Search engines are built on a simple principle: Provide the most relevant and high-quality web pages in response to user queries. Search engines assess your website content to determine relevance and quality. They rely on various signals, one of the most important of which is backlinks.
A backlink—an inbound link to your webpage from another source—is like a vote of confidence from another website. An internal link, one from one part of your website to another, is also sometimes called a backlink. These are generally good; backlinks from high-quality sites optimize your site for search engines. But backlinks from spam sites—or a profile of backlinks making it look like you’re trying to game the system—hurt your website’s search engine optimization and credibility.
What is a backlink?
A backlink is a link to your site from another site. Sometimes, internal links are also called backlinks. Backlinks that come from external websites can enhance a site’s domain authority and search engine rankings.
Backlinks matter because they serve as a reference from one webpage to another, endorsing the linked-to site as relevant and worth reading. This can influence a site’s ranking on search engine results pages (SERPs) based on the quantity and quality of links pointing to it from external sources.
When SEO professionals refer to a backlink profile, they’re talking about the complete set of backlinks to any page on a site’s entire domain (i.e., website). Shopify’s backlink profile, for example, includes backlinks to this page, Shopify’s homepage, this About page, and every other live page on its domain. (However, because the links in the previous sentence link to Shopify pages from a Shopify page, they do not count as backlinks.)
Backlinks can originate from any corner of the web, yet search engines commonly disregard sources such as social media platforms, search engine results, and forums when assessing backlink profiles. These types of backlinks are excluded due to the user-generated nature of the content on social media and forums and the algorithmic generation of content in search engine results—i.e., they don’t genuinely reflect an endorsement from the actual website owners.
What makes a bad backlink?
Search engines review backlink profiles to understand a site’s quality. Any backlink that suggests to search engines your site is untrustworthy can be considered a bad backlink.
A bad backlink is like being recommended by someone who has a bad reputation. On the web, these tend to be links from low-quality, spammy, or irrelevant sources, such as link farms, low-authority websites, and sites with unrelated content.
Note your understanding of “untrustworthy” may differ from a search engine’s. Search engines assess quality and trustworthiness separately, and your subjective assessment of a site’s quality or trustworthiness may differ from Google’s. And just because an article is poorly written or has ads you find annoying doesn’t necessarily mean it’s untrustworthy.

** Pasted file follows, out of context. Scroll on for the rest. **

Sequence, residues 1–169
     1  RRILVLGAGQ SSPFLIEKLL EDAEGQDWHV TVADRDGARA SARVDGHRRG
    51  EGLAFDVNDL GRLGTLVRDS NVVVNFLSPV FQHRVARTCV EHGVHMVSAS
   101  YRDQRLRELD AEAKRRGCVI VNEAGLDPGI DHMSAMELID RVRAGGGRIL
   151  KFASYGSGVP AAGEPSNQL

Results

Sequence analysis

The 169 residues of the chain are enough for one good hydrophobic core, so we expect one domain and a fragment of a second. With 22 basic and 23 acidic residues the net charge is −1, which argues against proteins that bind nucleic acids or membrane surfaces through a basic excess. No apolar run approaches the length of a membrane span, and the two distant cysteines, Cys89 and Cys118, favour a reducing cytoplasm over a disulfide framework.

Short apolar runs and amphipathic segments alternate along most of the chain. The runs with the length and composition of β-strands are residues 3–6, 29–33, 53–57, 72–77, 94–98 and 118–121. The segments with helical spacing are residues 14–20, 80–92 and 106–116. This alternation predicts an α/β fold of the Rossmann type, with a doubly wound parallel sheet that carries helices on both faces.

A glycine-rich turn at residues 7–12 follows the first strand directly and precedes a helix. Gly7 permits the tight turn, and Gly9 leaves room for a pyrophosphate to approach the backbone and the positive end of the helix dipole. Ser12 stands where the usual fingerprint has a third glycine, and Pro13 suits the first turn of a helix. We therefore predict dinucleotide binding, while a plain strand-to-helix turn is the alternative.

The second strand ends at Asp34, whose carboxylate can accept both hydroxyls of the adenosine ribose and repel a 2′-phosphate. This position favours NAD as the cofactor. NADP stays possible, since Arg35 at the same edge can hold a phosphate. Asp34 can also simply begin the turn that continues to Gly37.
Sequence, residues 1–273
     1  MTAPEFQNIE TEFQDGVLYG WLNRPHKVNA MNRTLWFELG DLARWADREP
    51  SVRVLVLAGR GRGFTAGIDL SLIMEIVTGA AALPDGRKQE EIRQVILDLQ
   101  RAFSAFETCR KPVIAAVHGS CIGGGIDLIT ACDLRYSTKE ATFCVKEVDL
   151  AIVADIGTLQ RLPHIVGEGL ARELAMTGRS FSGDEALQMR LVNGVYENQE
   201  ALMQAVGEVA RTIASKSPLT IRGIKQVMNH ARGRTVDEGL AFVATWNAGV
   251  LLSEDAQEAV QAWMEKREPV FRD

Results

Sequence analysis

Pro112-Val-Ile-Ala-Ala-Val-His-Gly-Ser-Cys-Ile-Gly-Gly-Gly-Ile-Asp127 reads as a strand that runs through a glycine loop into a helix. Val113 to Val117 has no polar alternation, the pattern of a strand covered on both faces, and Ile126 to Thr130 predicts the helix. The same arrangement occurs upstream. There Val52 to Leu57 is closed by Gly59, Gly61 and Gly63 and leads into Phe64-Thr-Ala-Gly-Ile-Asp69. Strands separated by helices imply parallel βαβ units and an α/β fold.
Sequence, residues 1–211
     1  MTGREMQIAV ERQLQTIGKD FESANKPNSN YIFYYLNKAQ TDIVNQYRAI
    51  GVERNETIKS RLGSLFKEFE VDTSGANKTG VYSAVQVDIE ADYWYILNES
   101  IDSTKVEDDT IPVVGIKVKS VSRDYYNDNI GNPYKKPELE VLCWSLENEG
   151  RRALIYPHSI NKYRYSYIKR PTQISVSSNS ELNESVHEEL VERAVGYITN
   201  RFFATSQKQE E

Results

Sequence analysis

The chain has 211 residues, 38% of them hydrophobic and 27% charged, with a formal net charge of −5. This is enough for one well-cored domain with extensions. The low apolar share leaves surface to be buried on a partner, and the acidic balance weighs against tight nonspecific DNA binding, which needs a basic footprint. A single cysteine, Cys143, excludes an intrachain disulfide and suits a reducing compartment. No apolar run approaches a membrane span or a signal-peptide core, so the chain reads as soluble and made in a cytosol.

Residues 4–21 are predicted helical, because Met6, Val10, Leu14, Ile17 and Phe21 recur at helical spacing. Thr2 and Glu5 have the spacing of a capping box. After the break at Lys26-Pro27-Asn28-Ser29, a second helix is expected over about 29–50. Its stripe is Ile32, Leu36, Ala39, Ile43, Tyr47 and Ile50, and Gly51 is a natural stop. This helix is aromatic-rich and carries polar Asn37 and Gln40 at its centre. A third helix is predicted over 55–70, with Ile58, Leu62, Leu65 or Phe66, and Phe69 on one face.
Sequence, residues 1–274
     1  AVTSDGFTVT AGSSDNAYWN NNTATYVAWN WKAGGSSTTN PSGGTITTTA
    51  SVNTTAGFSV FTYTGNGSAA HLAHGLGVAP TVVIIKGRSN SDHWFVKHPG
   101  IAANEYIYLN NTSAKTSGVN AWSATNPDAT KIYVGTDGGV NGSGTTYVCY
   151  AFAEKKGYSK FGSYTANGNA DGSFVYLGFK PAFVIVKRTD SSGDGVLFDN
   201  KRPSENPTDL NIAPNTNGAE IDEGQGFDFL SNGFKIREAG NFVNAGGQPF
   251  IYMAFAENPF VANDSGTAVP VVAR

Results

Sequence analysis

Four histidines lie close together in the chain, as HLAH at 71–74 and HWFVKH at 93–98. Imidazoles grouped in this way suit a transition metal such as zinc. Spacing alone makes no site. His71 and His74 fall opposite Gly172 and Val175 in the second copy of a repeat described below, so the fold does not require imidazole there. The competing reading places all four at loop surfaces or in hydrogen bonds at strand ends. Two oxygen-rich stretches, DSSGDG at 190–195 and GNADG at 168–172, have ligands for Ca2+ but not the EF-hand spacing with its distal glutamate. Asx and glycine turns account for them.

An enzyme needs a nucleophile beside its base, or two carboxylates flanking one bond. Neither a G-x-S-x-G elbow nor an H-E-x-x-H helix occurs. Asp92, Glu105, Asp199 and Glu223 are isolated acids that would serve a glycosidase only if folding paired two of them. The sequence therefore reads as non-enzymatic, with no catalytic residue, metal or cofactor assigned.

Types of bad backlinks
Suspicious backlinks typically originate with one of the following types of sites. Consider these possibilities when looking for signs a domain is untrustworthy:
The site is from a content farm
If a site’s content appears to be built explicitly for search engines instead of human users, it may be untrustworthy. Nonsensical sentences, major UX issues like overlapping page elements, or a mix of content about various unrelated subjects characterizes content from content farms.
The site is selling backlinks
If a site’s backlink to your site looks like it’s trying to get a marketer’s or site owner’s attention—often with an SEO focus or outlandish claim—it’s likely not legitimate. For example, the URL might be something like “get-free-backlinks-now.com” or the link text says something like “Rank #1 in Google tomorrow—get a free sample link!”
How to review your backlink profile for untrustworthy domains
There are a few ways to check your backlink profile for untrustworthy domains:
Google Search Console
Google Search Console provides a free, simple report of your most notable backlinks in its “Links” section. This is a great starting point for understanding your backlink profile, but it tends to miss links and doesn’t say how helpful or harmful the links are.
Google Analytics Referral traffic report
The Google Analytics Referral traffic report shows all the backlinks driving traffic to your site to help you understand if your backlinks lead to more visitors. However, it’s limited to links that drive traffic and can miss backlinks people aren’t clicking (which still have SEO benefits). It does not provide any additional backlink analysis, such as the relative authority of the backlinks.